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Maintenance Tips for Outboard Motors

Taking a boat out for a day of fishing or just cruising around on the water is always a lot of fun and one thing that ensures plenty of fun boat days in the future is proper boat maintenance. One of the most crucial parts of your boat to maintain is of course the motor, which if it isn’t well maintained, could break down on you at the worst possible moment, leaving you and your guests stranded out on the water. Outboard motors aren’t all that complex, but when it comes to proper maintenance, there are a few things that anyone who owns one should know.

Keeping Your Boat and Motor Clean

Regularly washing your boat and it’s motor may seem like a mundane task, but it is something every boat owner should make sure is done regularly. A dirty hull can significantly reduce your boats performance and cause your vessel to increase it’s overall fuel consumption. Your engine is also made up of thousands of individual pieces and components, all of which are regularly exposed to salt water, salty air, and other environmental factors that can degrade and corrode your components. Additionally, salt water residue will mar the gel coat of the hull causing the outboard motor work harder. Thoroughly cleaning your motor, both after use and on a schedule, will ensure your boat’s motor runs at peak performance for as long as possible. Make it a habit to at least rinse the boat and motor with fresh water after every outing to reduce residue.

Regularly Changing Your Oil

Just like with a car, it’s crucial that you regularly change your boat’s oil to ensure best performance.  Changing the oil in an outboard motor is a relatively easy task but one that many boat owners will neglect. Unfortunately, there aren’t quick-change service centers for boats like there are for cars, however in most cases is considerably less difficult than an oil change for a car.  Changing the outboard motor oil once every 100 hours, or at least once every season, is recommended by most manufacturers.

To ensure a complete change of oil, do it while the engine is warm. If the boat is already in the water, it’s easy enough to fire it up for a few minutes. If the boat is on the trailer, make sure you supply the engine with enough water to keep it from over-heating. This is usually done by using a device that mechanics call “earmuffs” to cover the water intakes and attaching a garden hose. Some manufacturers provide a special fitting just for this purpose. Refer to the service manual for details about the motor being used.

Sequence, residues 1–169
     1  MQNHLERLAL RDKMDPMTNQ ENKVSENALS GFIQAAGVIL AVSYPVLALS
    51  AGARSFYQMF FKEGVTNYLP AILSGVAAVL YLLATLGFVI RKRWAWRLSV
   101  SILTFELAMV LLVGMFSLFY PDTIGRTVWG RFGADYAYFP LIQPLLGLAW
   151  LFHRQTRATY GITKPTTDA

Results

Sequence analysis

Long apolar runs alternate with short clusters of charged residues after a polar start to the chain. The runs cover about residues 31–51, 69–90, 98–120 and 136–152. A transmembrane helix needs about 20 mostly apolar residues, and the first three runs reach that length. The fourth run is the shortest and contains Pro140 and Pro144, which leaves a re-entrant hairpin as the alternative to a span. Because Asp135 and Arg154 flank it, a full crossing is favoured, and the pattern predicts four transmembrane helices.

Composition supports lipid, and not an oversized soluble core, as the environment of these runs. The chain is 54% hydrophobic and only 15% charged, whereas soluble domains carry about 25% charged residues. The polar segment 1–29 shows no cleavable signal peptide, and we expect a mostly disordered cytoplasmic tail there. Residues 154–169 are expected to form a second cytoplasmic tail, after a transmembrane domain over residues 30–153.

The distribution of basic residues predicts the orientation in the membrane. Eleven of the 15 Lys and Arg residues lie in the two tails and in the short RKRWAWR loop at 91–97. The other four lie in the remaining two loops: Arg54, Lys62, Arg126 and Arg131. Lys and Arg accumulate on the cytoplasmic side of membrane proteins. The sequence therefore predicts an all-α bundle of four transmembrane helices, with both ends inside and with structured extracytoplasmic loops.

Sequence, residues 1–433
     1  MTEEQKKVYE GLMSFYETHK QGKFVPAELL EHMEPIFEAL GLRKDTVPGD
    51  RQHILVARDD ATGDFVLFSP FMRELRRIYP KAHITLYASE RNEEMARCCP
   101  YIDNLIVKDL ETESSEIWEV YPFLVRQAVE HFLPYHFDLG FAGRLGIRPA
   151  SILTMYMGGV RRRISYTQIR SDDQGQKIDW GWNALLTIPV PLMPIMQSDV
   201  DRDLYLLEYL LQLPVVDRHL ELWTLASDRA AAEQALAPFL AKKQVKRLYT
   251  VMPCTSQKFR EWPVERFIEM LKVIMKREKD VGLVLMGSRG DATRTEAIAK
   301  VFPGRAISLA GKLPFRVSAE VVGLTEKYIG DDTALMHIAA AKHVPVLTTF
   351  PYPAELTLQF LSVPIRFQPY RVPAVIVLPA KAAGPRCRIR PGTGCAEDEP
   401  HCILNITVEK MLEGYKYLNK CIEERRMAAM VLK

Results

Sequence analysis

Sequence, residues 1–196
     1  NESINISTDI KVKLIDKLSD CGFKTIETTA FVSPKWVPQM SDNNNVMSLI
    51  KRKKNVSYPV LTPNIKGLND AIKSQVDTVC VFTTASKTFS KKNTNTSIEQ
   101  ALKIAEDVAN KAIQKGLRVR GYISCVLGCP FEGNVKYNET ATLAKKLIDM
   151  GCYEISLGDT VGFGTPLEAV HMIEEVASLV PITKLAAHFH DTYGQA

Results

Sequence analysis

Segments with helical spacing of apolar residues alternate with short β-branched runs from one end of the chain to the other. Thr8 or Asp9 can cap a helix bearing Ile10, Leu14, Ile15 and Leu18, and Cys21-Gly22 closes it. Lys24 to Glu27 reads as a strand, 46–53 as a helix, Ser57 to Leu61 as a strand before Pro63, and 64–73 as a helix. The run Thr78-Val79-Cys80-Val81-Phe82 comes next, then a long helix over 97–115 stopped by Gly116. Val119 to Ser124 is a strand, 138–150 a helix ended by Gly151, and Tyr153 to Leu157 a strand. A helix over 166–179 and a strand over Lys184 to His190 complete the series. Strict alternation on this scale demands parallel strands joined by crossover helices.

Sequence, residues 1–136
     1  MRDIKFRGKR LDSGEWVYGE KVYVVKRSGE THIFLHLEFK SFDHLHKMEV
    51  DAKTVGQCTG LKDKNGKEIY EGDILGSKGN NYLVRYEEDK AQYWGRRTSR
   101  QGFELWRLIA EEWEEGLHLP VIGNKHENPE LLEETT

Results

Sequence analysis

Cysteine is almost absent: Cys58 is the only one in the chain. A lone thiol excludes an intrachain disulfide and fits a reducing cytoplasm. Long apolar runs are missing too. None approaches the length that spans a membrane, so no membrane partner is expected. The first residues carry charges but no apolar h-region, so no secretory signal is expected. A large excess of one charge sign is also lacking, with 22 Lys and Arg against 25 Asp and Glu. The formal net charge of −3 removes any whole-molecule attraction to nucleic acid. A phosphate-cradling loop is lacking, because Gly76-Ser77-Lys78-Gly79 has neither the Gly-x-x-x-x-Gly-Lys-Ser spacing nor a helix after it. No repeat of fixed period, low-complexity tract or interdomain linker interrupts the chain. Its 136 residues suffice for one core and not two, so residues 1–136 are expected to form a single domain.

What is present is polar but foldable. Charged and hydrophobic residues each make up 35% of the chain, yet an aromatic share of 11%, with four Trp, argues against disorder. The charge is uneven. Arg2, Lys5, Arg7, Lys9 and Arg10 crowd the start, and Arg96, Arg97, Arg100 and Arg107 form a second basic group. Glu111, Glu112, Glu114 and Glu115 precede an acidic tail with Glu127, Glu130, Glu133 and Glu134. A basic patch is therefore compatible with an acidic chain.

Regularly Inspect the Propeller

Nicks and cracks in the propeller can reduce overall speed and performance of your boat as well as put unexpected additional load on the engine. Checking the prop should be routine whenever the boat is launched and every time it is pulled out of the water. Nicks in the prop can come from running over things in the water, rocks and debris kicked up by the trailer tires when towing, or a number of other potential hazards while out on the water.

It’s not only important to check your propeller for damage, but to also to make sure it’s tightly secured and hasn’t vibrated loose. Additionally, check for any debris like fishing line that may get tangled around the propeller shaft. A prop shaft wound with fishing line can cause the outboard’s seals to leak and the bearings to wear out prematurely.

Check the Battery

It’s always a good decision to check the battery and connections every time the boat’s about to head out on the water. Make sure that all of the connections are free of corrosion and well connected. Salt water is especially damaging to battery connections, but fresh-water can wreak havoc as well. A dead battery on the water can be a real problem when out on the water as it can sometimes be upwards of 4-5 hours before help may be able to arrive.

Topping of your battery with a full charge the night before any outing is just smart thinking. It’s also a good idea to make sure the battery fluid is at the proper level. Decreased electrolyte level in a battery can significantly shorten battery life and decrease starting power when it’s needed most.

With very little time, effort and money invested, an outboard motor will last for years. Because they are simple motors, it doesn’t take an engineering degree to keep them working properly. A person with very little marine engineering ability, or experience can easily perform any of the maintenance tasks mentioned in this article and the time spent is truly an investment in the longevity of your boat.

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